Wednesday, November 13, 2019
In an unpublished opinion, the Virgin Islands Supreme Court remanded in a matter where counsel had his compensation for court-appointed services reduced by the trial judge
Upon a review of the appellant’s brief, it is clear that the gravamen of Appellant’s claim is that the Superior Court judge who reviewed his request for compensation and reimbursement “for no apparent reason, reduced the out of court time from 119.6 hours to exactly 60.0 hours” and that Appellant “ha[s] not been given any explanation as to why the out of court time has [been] reduced by almost exactly 50%.” (Appellant’s Br. 8.) The amended Rule 210.4, however, expressly provides that if a judge rejects the payment in request in whole or in part, that the judge shall state the reasons for doing so in an accompanying order. V.I. S. CT. R. 210.4(c). This is consistent with prior decisions of this Court, which require the Superior Court to provide enough information on the record so as to enable this Court to meaningfully review its decisions, including sufficiently explaining the basis of its decision.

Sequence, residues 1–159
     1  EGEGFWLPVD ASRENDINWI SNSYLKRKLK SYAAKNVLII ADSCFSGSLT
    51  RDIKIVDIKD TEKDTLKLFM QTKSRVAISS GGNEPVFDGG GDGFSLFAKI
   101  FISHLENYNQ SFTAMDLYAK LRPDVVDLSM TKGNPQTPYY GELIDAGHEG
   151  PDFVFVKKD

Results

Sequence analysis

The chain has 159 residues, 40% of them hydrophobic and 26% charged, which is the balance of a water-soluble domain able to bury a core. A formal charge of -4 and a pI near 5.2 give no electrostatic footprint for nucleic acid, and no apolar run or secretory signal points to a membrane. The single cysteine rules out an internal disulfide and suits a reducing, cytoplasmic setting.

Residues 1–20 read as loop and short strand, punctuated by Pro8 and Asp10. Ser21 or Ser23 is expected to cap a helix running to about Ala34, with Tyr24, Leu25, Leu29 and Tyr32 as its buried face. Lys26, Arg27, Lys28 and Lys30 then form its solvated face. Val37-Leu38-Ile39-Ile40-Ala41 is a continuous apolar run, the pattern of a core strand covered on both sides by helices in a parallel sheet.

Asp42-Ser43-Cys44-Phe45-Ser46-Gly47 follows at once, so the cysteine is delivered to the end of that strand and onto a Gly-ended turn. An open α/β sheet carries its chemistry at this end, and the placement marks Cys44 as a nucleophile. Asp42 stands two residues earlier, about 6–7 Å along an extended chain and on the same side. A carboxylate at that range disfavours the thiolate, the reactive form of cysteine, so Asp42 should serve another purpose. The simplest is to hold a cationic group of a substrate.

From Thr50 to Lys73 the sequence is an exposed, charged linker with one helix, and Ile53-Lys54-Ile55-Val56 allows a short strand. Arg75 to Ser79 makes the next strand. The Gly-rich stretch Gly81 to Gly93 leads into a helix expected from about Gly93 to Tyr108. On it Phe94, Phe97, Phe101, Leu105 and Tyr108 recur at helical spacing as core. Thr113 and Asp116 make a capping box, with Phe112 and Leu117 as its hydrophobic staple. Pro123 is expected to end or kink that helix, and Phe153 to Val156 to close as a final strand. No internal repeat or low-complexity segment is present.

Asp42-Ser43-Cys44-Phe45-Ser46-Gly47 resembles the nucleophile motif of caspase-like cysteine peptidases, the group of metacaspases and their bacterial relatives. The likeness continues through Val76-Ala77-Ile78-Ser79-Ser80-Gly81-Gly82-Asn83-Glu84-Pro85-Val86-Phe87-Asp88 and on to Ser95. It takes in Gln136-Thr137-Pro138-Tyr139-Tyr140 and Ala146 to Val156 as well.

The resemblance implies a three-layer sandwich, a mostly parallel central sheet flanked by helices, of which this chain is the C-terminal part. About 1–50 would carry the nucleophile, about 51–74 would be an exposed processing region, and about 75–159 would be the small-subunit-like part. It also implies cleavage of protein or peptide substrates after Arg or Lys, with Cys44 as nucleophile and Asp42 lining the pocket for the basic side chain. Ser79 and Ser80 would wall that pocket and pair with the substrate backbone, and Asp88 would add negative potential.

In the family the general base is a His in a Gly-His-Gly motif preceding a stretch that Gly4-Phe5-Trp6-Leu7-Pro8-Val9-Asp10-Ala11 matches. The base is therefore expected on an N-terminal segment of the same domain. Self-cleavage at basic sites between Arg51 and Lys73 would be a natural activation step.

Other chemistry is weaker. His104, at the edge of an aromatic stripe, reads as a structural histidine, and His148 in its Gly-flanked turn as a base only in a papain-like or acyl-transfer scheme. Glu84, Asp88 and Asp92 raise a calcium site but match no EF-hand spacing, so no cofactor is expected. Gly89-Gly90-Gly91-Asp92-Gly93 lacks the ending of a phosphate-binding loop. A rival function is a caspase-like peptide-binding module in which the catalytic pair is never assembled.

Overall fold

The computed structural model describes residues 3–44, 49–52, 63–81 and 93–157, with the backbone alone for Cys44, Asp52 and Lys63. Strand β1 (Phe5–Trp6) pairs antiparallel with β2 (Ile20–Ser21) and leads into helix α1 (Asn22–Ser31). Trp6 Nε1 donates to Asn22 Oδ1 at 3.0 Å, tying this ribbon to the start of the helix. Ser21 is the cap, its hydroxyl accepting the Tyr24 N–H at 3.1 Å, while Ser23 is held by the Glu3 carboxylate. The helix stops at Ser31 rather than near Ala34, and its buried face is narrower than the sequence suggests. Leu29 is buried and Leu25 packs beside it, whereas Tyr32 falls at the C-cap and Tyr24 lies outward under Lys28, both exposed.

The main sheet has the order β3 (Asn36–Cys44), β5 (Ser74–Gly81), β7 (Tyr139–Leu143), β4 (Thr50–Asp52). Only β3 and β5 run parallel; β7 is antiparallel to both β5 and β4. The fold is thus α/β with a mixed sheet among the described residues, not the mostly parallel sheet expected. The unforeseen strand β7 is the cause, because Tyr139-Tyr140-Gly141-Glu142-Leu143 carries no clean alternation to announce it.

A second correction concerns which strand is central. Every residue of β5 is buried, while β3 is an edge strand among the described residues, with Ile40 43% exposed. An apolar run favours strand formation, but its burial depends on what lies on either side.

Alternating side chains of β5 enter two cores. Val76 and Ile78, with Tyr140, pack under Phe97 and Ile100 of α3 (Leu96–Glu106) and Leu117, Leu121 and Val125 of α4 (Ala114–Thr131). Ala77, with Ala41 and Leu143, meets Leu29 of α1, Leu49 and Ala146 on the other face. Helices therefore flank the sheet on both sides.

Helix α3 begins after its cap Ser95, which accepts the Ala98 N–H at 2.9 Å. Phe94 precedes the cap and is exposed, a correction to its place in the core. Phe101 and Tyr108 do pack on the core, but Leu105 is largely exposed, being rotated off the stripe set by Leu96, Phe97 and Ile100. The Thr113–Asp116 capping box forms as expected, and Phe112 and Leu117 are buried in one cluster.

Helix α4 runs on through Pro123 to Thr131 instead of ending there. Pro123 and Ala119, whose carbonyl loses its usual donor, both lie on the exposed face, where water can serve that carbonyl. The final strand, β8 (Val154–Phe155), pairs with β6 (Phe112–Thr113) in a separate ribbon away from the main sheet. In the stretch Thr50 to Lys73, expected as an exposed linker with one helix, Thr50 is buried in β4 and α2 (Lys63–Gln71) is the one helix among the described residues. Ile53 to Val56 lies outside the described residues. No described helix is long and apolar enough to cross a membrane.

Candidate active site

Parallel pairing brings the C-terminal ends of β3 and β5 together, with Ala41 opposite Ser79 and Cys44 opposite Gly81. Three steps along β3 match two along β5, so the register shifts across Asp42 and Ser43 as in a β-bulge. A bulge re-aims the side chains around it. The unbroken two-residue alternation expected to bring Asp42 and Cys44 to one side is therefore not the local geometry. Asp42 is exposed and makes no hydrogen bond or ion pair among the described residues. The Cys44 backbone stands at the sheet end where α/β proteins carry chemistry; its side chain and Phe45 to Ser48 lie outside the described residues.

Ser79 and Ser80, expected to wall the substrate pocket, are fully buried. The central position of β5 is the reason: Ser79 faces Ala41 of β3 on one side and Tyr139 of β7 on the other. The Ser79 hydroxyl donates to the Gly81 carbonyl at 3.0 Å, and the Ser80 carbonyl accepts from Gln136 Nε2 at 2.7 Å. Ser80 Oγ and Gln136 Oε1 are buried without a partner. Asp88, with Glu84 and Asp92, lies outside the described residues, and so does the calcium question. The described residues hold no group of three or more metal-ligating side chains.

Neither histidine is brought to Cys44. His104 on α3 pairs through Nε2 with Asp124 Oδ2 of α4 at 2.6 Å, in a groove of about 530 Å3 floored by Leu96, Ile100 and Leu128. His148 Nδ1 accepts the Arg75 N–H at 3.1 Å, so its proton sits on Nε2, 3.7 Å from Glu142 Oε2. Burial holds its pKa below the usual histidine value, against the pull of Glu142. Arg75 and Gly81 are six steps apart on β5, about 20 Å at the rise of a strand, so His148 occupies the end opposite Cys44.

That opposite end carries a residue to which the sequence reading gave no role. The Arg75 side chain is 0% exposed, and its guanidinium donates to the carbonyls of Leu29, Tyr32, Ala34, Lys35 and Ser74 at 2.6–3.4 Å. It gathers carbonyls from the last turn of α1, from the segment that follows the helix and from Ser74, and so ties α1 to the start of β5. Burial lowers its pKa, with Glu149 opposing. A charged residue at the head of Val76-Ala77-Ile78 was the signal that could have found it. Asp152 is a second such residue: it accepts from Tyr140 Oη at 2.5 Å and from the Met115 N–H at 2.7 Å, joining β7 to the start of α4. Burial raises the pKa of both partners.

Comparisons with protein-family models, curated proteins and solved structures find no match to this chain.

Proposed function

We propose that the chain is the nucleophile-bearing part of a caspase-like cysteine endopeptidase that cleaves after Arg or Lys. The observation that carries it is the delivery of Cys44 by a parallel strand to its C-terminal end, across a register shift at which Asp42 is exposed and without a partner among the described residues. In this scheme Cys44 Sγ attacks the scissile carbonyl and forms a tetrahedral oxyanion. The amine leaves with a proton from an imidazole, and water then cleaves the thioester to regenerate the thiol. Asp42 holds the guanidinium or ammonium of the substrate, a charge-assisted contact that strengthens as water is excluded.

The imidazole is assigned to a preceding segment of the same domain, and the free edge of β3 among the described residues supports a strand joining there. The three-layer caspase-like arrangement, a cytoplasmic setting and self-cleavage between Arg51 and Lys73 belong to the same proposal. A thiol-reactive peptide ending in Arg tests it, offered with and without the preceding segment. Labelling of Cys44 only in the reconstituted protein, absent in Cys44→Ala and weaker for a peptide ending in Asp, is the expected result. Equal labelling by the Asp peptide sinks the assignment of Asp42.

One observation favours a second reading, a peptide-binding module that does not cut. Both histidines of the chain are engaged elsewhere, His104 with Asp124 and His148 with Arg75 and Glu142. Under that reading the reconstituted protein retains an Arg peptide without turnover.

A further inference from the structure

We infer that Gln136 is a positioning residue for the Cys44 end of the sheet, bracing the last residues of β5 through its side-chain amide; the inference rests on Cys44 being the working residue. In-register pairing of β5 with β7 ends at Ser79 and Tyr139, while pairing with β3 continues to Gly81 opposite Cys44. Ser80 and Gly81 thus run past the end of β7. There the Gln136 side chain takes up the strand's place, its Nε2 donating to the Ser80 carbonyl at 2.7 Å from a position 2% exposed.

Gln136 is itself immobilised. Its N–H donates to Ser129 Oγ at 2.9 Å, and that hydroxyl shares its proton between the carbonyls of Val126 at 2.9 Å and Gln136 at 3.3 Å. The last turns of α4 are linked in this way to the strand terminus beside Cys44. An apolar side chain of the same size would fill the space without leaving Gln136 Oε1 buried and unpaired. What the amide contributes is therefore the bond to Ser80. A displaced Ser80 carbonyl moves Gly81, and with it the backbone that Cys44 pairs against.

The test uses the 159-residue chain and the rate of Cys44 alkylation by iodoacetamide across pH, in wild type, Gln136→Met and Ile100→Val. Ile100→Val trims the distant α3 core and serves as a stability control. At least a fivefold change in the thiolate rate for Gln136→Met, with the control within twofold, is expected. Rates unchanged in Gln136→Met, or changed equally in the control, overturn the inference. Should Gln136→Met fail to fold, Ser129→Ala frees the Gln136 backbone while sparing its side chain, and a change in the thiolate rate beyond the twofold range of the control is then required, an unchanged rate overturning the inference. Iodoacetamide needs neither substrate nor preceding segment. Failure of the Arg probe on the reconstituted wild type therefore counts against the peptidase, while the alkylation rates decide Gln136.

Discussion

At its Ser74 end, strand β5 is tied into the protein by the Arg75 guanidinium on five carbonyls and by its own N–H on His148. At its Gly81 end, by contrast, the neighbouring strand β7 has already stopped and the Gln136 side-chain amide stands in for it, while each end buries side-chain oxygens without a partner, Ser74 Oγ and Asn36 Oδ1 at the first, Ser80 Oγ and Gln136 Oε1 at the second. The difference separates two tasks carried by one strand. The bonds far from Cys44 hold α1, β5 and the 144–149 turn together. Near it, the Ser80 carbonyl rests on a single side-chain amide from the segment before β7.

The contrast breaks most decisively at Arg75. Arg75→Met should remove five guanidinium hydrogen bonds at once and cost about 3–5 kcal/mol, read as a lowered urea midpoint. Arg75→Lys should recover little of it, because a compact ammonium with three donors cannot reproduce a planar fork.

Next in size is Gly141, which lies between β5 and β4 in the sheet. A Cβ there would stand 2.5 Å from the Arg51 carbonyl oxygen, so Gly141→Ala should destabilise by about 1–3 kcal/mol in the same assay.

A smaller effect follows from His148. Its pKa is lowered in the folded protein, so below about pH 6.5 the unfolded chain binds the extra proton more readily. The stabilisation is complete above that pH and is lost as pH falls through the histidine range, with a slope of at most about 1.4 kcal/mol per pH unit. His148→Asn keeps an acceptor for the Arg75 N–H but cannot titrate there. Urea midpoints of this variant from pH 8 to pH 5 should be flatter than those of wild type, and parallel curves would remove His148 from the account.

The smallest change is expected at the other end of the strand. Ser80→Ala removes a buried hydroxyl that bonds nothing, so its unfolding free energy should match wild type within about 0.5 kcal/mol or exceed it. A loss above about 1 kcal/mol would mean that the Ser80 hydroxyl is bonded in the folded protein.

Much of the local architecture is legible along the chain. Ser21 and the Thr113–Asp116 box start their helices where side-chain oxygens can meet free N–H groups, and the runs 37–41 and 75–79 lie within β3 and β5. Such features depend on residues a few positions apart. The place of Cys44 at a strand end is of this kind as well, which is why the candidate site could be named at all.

ORDERED that the Superior Court’s June 30, 2016 order is VACATED, and that this matter is REMANDED to the Superior Court for issuance of a new decision on the request for compensation and reimbursement, which shall be governed by the procedure set forth in Rule 210, as amended.
This once happened to me as told in this opinion authored by Circuit Judge Spottswood Robinson.
For these reasons, counsel's request for reconsideration of his excess-compensation request will be transmitted to the panel for consideration as an application for rehearing.
Eventually the compensation was increased a bit but the taste remains bitter after 40 year where my voucher for over $13,000 had been reduced to $1,000.
I represented my client in an appeal from a 15-week trial as a partner in a two-lawyer firm and got paid at roughly a McDonalds rate for hundreds of hours of work.
Following a four-month jury trial on an indictment charging unlawful distribution of a controlled substance, interstate travel in aid of a racketeering enterprise, and conspiracy to distribute narcotic drugs, the seven appellants were convicted. Central to the charges was a six-year multi-state drug conspiracy centered in Washington, D. C.